Tara Seals US/North America News Reporter, Infosecurity Magazine
At the end of 2016, various reports predicted cyber-attacks could double in 2017. True to those prognostications, F-Secure Labs has logged an overall increase of 223% in traffic to its honeypots as compared with H2 2016.
“Some of this jump in volume can be attributed to improvements made in our backend systems and the addition of new honeypots to the network, but given the considerable surge, it is our belief that attacks are also simply on the increase,” the firm said in its report shared with Infosecurity on the findings. “The constantly evolving nature of the ecosystem, the increased automation and distribution of attack tools, ever-expanding attack surfaces, and highly charged geopolitical events are all likely contributing factors.”
F-Secure found that in the last half of 2016, the top five sources of activity were Russia, the Netherlands, the US, China, and Germany. In 2017, Russia re-appeared in the top spot for sources of attacks, accounting for 44% of traffic. Following Russia was the US, with about 15% of traffic, the Netherlands with 7%, Belgium and Germany with 6% each, and China with 5%. The top 10 source countries accounted for 87% of all traffic detected.
It also delved into who has been attacking who: “When it comes to the more specific question of which countries are attacking which, the greatest number of attacks came from Russia targeting the US, followed by Russia targeting the Netherlands, the Netherlands targeting the US, and Belgium targeting the US,” the report found.
The analysis uncovered spikes in traffic to SMB port 445 (resulting from NotPetya and WannaCry) and to UPnP port 1900 (resulting from attacker interest in vulnerable IoT devices). Attack payloads were made up of 66% executable files, and 33% fileless scripts and commands—and the report underscores that attackers are constantly evolving to find new attack surfaces.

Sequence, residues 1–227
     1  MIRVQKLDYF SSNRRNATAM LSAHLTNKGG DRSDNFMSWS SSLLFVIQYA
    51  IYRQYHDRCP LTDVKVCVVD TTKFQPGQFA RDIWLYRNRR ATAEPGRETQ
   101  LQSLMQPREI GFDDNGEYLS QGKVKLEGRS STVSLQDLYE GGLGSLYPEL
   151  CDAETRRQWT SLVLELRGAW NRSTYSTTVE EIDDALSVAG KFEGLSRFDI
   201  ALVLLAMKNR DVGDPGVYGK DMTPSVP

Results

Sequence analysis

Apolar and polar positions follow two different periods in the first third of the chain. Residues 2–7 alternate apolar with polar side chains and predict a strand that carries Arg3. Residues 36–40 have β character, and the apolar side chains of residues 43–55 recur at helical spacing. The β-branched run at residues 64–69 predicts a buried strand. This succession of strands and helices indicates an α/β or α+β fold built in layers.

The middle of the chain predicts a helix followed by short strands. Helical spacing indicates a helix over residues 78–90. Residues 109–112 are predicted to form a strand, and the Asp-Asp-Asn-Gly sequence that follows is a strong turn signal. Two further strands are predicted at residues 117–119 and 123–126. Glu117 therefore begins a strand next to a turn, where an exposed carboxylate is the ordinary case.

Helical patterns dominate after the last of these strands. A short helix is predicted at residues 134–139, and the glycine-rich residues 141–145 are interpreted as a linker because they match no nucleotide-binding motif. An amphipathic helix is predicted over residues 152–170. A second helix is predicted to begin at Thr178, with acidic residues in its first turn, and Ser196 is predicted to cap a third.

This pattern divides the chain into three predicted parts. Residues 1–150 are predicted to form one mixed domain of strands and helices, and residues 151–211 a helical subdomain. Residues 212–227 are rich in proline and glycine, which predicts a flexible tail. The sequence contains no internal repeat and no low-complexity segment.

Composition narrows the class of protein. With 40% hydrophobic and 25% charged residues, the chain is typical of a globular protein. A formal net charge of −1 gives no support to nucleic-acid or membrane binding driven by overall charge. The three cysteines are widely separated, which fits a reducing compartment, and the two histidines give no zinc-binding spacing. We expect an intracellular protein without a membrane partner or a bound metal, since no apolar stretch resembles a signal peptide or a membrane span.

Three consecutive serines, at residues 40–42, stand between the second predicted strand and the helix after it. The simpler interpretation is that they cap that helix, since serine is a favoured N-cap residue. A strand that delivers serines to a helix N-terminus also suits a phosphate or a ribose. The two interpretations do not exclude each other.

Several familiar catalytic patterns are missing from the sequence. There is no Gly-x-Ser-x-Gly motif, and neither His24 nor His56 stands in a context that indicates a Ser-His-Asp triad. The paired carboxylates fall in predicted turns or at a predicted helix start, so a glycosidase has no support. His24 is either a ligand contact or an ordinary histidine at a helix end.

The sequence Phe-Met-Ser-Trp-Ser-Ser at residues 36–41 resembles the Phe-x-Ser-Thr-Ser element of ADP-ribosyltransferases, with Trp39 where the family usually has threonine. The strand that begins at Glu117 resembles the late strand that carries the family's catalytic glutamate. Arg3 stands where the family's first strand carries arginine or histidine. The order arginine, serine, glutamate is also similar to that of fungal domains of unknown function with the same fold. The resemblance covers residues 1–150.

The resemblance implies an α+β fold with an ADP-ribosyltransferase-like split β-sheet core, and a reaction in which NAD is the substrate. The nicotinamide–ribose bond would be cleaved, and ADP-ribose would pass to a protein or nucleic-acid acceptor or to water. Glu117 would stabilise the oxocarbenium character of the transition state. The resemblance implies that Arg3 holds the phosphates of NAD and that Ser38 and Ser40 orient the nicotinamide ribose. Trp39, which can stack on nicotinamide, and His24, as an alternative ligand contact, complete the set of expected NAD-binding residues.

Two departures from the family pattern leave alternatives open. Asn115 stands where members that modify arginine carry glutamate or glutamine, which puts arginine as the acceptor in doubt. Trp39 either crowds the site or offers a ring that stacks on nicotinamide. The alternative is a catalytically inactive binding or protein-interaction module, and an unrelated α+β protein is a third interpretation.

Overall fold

“Both this spring’s Shadow Brokers leak of stolen NSA tools and the inherent vulnerability of IoT devices significantly affected our list of commonly probed ports, once again underscoring that attackers will always adapt to find new avenues of exploitation,” F-Secure said. “At the same time, the dramatic increase in volume of activity gives us no reason to expect a slowdown in the second half of the year.”
Clearly, following standard security practices remains critically important. These include keeping operating systems and applications up to date and patched, configuring firewall rules properly, taking reliable backups, segmenting networks, and maintaining a healthy suspicion about email attachments and links.